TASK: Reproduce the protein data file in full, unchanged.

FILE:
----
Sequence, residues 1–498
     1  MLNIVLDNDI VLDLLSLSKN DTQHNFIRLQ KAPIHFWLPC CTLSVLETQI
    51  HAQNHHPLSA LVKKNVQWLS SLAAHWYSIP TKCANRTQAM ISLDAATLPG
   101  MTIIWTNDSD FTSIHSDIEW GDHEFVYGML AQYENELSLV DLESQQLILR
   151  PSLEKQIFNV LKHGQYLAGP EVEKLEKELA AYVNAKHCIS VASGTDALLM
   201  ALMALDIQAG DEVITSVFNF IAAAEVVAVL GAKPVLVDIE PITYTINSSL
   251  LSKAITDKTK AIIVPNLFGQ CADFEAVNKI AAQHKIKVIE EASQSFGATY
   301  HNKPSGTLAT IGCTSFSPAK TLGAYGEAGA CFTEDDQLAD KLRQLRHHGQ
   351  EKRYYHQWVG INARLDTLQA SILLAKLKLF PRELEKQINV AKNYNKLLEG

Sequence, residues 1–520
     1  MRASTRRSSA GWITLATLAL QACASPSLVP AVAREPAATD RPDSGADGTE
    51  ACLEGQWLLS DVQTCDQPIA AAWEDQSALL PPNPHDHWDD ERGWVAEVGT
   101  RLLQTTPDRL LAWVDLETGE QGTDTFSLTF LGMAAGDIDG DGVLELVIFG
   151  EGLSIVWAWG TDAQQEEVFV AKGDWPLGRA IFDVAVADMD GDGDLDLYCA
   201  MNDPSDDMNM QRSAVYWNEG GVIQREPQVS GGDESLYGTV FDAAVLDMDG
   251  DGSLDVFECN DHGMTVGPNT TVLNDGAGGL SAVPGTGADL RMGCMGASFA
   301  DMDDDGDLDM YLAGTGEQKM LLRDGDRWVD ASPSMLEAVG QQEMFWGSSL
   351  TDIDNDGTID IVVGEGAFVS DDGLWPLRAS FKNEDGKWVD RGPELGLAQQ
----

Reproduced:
Sequence, residues 1–498
     1  MLNIVLDNDI VLDLLSLSKN DTQHNFIRLQ KAPIHFWLPC CTLSVLETQI
    51  HAQNHHPLSA LVKKNVQWLS SLAAHWYSIP TKCANRTQAM ISLDAATLPG
   101  MTIIWTNDSD FTSIHSDIEW GDHEFVYGML AQYENELSLV DLESQQLILR
   151  PSLEKQIFNV LKHGQYLAGP EVEKLEKELA AYVNAKHCIS VASGTDALLM
   201  ALMALDIQAG DEVITSVFNF IAAAEVVAVL GAKPVLVDIE PITYTINSSL
   251  LSKAITDKTK AIIVPNLFGQ CADFEAVNKI AAQHKIKVIE EASQSFGATY
   301  HNKPSGTLAT IGCTSFSPAK TLGAYGEAGA CFTEDDQLAD KLRQLRHHGQ
   351  EKRYYHQWVG INARLDTLQA SILLAKLKLF PRELEKQINV AKNYNKLLEG

Sequence, residues 1–520
     1  MRASTRRSSA GWITLATLAL QACASPSLVP AVAREPAATD RPDSGADGTE
    51  ACLEGQWLLS DVQTCDQPIA AAWEDQSALL PPNPHDHWDD ERGWVAEVGT
   101  RLLQTTPDRL LAWVDLETGE QGTDTFSLTF LGMAAGDIDG DGVLELVIFG
   151  EGLSIVWAWG TDAQQEEVFV AKGDWPLGRA IFDVAVADMD GDGDLDLYCA
   201  MNDPSDDMNM QRSAVYWNEG GVIQREPQVS GGDESLYGTV FDAAVLDMDG
   251  DGSLDVFECN DHGMTVGPNT TVLNDGAGGL SAVPGTGADL RMGCMGASFA
   301  DMDDDGDLDM YLAGTGEQKM LLRDGDRWVD ASPSMLEAVG QQEMFWGSSL
   351  TDIDNDGTID IVVGEGAFVS DDGLWPLRAS FKNEDGKWVD RGPELGLAQQ